Categorized | Energy Education

Foam Bans Don’t Work. Choose Recycling Instead.

Posted on 23 October 2015

Things have not been financially sound for the United States over the last six or seven years, as economic times have gotten very hard, meaning that companies need to do everything they can to get extra savings on their business operations. When these bans come to fruition in various cities, like a potential South Carolina foam ban, these business owners have no choice but to purchase more expensive products and then pass those increased costs onto the consumers, or either take a loss themselves, which most companies cannot afford to do.

Although the issue of polystyrene is a greatly debated subject right now, with tons of cities all over the United States making the decision to ban the products entirely, banning the products are not the solution to the problem. Polystyrene has come under a lot of fire over the last handful of years, as when the products that it makes are done with usage, they can last up to five hundred years in landfills and there simply has not been an effective strategy to recycle the material. However, there are absolutely ways that polystyrene can be recycled and the wisest decision by far would be to focus effort on creating large polystyrene recycling centers in major cities.

The reason as to why this would be so beneficial is the mere fact that this type of material is incredibly inexpensive, meaning that all sorts of businesses can use the material very cheaply. Polystyrene makes up all sorts of coffee cups, to go bags, and various other products that are typically used in the food and restaurant industry, although the amount of things that polystyrene can be used in is incredibly vast. The huge problem with banning these products is the fact that these companies will have to go to more expensive products, which can take a huge toll on a business.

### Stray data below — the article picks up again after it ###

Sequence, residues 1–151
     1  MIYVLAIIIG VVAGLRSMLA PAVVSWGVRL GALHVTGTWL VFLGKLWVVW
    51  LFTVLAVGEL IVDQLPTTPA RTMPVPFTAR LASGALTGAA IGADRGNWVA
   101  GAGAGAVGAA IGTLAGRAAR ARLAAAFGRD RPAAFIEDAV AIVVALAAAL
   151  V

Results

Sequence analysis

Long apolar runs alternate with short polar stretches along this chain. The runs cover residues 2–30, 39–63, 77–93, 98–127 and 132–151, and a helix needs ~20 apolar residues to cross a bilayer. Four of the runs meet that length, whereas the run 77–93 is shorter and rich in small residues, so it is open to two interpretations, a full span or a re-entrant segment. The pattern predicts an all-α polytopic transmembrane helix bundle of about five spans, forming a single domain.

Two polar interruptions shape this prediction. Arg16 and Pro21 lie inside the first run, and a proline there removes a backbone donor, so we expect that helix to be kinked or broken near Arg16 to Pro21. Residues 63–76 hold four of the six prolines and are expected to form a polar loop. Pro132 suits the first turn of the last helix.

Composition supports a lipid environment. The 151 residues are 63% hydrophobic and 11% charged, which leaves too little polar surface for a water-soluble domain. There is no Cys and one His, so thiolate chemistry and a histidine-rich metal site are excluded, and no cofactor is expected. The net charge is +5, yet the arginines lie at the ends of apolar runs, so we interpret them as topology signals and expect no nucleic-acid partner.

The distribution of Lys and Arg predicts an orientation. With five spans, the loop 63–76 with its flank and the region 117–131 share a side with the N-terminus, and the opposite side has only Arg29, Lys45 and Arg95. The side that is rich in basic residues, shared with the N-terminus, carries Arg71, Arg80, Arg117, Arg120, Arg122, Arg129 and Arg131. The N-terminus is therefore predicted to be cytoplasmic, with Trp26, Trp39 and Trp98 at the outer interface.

When you look at it this way, it makes no sense for cities to put a ban on the products. It would be understandable if there were no possible ways to recycle the material, as they definitely have been occupying a lot of space in land fill and continuing to grow at a rapid pace, but this is not the case. There are plenty of cities and states that have decided that they are going to make a move towards large scale recycling of polystyrene in states such as Kentucky, Tennessee, and South Carolina and so far their efforts have appeared promising.

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